President Uhuru Kenyatta has expressed confidence that the conclusion of the ongoing negotiations for a Kenya-United States (US) Free Trade Agreement (FTA) will strengthen bilateral ties.
In a statement released after the first telephone conversation with President Joe Biden on Thursday evening, the State House noted that Kenya being the fourth largest trading partner of the US in Africa, Biden had re-affirmed commitment to enhance trade relations.
“Kenya and the US launched FTA negotiations on 8th July 2020 with the objective of reaching a comprehensive trade pact that can serve as a model for similar agreements in Africa,” said a dispatch by State House Spokesperson Kanze Dena.
Since Biden had sent strong indications of plans to annul many of former President Donald Trump’s policies cutting across trade, environment and geopolitics, Kenya was on edge over the ongoing FTA negotiations, which had been complicated by resignation of US ambassador to Kenya Kyle McCarter.
Kenya’s FTA negotiations with the US that seek to allow duty-free access for Kenyan goods in US markets commenced in July, last year.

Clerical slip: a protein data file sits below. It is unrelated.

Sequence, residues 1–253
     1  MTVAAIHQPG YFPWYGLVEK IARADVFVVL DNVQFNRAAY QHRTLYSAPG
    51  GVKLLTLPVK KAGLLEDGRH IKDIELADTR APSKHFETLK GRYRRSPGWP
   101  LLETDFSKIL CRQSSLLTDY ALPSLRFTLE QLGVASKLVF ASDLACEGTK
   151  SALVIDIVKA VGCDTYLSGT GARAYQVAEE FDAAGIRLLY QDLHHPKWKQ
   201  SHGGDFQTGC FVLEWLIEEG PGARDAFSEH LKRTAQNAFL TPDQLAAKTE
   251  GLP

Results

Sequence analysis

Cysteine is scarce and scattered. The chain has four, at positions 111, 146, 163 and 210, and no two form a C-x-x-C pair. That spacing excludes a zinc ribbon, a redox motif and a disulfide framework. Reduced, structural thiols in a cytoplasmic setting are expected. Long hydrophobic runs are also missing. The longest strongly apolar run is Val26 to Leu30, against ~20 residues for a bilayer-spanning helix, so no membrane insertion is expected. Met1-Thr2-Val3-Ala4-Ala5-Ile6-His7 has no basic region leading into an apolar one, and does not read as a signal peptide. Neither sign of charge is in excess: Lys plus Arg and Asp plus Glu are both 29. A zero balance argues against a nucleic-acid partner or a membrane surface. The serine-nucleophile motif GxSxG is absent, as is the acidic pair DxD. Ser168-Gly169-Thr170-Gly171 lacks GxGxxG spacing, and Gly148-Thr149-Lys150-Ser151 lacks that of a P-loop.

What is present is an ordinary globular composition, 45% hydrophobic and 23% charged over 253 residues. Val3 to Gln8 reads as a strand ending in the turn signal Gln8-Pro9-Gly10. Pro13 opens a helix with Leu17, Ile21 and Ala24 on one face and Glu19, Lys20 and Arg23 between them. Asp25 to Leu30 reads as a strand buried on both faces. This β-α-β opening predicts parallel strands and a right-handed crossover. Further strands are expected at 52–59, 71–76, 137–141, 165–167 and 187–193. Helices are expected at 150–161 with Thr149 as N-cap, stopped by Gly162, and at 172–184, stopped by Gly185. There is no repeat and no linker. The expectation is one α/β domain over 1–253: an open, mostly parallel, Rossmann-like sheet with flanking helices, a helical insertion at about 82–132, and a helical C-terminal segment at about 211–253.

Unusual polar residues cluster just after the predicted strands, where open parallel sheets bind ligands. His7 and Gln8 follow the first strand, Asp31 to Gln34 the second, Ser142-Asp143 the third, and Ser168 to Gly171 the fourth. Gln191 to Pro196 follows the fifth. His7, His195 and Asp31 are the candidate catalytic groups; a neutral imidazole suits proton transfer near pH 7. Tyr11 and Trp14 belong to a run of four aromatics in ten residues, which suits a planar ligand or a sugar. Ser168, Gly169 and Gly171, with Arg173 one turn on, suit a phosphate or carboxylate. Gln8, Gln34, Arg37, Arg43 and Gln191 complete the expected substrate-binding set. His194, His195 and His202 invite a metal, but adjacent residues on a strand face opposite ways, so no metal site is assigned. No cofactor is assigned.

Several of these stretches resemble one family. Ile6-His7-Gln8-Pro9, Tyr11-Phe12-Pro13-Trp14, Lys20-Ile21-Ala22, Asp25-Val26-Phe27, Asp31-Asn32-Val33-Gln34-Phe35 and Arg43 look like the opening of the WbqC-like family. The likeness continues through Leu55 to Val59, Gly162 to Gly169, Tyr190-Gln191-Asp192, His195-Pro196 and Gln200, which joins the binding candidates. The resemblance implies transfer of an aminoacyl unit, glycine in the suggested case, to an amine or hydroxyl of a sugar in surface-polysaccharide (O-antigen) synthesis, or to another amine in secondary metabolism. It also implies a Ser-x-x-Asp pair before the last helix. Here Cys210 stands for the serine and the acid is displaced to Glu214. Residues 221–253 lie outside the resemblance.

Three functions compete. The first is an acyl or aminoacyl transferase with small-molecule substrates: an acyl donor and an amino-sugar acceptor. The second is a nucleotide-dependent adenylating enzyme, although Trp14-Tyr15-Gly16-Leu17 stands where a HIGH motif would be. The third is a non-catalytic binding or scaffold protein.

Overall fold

In 2019, for instance, the trade between the US and Kenya hit $1.1 billion, with Kenya’s exports mainly being textile and apparels, agricultural products and artifacts.
Presently, the US ranks as Kenya’s third-largest export market and seventh overall trading partner. America has 14 FTAs in force with 20 countries worldwide, among them Morocco which was signed in 2004.
State House statement released hours after Mr Biden’s telephone conversation with Uhuru confirmed the leaders’ pledge on the importance of enhanced bilateral relations.
Washington reaffirmed its commitment to working closely with Kenya to support regional peace and security, including at the United Nations Security Council (UNSC).
“The President applauded Kenya’s commitment to counter-terrorism, economic growth, addressing climate change and sustainable development,” the White House said.
Uhuru thanked his American counterpart for supporting Kenya in healthcare, security and governance.
President Kenyatta, according to the White House, is reported to have raised concern over the deteriorating humanitarian crisis in Ethiopia’s Tigray region and the need to prevent further loss of life.
According to Nairobi, the two leaders discussed a number of bilateral and multilateral issues of mutual interest to Kenya and the US.
Top among them was the strengthening of the Kenya-US bilateral ties, the economy, peace and security, climate change, human rights and the humanitarian situation in the Horn of Africa.
Nairobi revealed that Biden emphasised his administration’s continued commitment to working closely with Kenya in support of regional peace and security, including at the UNSC where Kenya is a non-permanent member.
“The US President particularly thanked Kenya for its leading role in the fight against terrorism, economic growth, addressing climate change, sustainable development in the Horn of Africa and assured her of America’s continued partnership,” said State House.